4. O’Rourke Started an IT Business in El Paso in 1999

Amy and Beto O'Rourke

Twitter/Beto O\’RourkeAmy and Beto O’Rourke

Beto and Amy O’Rourke founded Stanton Street Technology Group together in 1999. The business specializes in IT and web design consulting. It’s one of the largest in the El Paso region, Business Insider reportedHis 2016 financial disclosure report estimated Stanton Street as having a value of $250,000 to $500,000.

O’Rourke graduated in 1995 with a degree in English literature from Columbia University. After college, he worked for Internet service providers in New York before returning to El Paso in 1998. In 1999 he co-founded Stanton Street Technology. His wife, Amy, took over as president and owner in 2013.

In 2017, Amy sold part of her shares in the company for between $100,000 and $1 million, The Texas Tribune noted. She’s no longer listed on LinkedIn as President of Stanton Street (as of 2017.) She’s now director of Choose to Excell CREEED.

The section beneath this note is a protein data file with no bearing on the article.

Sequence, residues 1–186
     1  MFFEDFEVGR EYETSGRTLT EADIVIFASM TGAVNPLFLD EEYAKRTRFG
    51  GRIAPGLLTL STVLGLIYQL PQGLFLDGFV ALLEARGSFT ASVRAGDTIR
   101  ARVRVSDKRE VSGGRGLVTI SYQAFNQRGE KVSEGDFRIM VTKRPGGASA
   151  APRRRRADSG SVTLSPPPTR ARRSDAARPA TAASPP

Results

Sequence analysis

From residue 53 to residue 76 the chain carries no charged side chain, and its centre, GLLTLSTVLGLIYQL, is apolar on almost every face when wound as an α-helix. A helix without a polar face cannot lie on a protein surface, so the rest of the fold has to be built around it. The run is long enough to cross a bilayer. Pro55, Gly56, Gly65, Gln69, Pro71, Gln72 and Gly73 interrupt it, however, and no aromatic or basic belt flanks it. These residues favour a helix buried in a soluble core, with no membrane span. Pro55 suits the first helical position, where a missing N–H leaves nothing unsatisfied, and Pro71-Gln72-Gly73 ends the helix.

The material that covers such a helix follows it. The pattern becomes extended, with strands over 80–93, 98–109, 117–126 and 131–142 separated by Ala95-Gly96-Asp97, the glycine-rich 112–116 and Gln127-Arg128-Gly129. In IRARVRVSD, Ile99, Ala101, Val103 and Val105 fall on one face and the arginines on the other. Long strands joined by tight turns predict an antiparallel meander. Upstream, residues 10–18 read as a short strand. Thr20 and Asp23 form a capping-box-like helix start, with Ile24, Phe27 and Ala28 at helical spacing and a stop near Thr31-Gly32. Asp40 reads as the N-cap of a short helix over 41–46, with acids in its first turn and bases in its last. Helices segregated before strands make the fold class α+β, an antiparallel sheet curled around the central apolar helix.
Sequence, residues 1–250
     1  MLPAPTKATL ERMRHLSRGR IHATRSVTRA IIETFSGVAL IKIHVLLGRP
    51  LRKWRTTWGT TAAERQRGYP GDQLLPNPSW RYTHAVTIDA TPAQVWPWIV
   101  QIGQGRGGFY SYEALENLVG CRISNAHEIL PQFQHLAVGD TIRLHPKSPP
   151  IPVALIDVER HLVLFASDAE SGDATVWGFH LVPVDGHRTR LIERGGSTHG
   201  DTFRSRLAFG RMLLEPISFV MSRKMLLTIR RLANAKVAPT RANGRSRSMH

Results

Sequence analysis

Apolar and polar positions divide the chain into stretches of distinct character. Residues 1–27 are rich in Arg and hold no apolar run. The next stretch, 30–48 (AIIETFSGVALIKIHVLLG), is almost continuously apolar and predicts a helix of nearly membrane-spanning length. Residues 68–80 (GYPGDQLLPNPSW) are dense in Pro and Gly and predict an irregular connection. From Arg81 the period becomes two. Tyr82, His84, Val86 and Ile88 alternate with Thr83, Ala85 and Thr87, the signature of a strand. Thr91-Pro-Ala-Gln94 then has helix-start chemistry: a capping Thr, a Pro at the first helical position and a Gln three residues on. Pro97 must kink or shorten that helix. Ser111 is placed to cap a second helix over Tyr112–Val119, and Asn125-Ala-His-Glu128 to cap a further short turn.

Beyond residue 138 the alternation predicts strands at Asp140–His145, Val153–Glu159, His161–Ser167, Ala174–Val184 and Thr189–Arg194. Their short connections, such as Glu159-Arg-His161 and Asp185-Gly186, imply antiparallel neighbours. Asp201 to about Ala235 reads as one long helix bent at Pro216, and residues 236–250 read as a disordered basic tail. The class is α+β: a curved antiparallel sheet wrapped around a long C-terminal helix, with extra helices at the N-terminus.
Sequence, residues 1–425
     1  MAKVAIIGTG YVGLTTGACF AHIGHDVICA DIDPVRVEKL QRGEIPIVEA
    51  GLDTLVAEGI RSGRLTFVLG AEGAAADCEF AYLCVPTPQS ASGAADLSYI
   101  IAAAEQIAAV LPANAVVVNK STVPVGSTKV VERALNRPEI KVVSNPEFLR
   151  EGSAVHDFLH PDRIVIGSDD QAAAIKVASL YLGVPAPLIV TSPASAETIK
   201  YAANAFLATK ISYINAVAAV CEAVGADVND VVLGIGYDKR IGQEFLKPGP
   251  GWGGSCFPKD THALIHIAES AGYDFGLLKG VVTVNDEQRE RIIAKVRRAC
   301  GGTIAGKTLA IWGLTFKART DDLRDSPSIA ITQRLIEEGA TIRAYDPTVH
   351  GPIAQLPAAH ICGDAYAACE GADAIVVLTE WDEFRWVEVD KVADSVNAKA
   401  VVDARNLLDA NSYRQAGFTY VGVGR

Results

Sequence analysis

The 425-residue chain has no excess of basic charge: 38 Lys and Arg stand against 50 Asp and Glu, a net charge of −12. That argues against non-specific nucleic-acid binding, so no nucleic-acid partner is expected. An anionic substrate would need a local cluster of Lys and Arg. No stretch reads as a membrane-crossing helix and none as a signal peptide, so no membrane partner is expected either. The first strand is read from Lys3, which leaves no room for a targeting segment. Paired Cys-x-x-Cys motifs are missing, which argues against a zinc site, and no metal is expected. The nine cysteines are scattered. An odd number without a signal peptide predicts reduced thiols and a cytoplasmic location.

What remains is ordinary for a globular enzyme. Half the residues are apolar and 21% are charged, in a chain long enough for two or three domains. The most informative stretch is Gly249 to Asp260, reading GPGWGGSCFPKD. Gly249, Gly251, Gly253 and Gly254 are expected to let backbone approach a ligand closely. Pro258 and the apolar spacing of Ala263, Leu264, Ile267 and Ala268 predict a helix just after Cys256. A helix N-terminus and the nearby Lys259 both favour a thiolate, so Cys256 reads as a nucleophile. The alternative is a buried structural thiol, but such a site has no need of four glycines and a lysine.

5. His 2013 Purchase of Twitter Stock Came Under Scrutiny


O’Rourke’s purchase of Twitter stock when the company went public in 2013 has come under scrutiny in the past. In fact, the House Ethics Committee has said that House members should avoid investing in IPOs because participation isn’t normally something the general public can do. The House Ethics Committee warned especially about Twitter here in November 2013. They said regulations prohibit “Members…who file FD statements from participating in IPOs in a manner ‘other than is available to members of the public generally.’ IPO participation, however, is normally not available to the general public.”

O’Rourke told the El Paso Times that he didn’t know about the memo before his broker bought the stock, so he sold it two days later. He apologized about the whole thing on Facebook in 2013.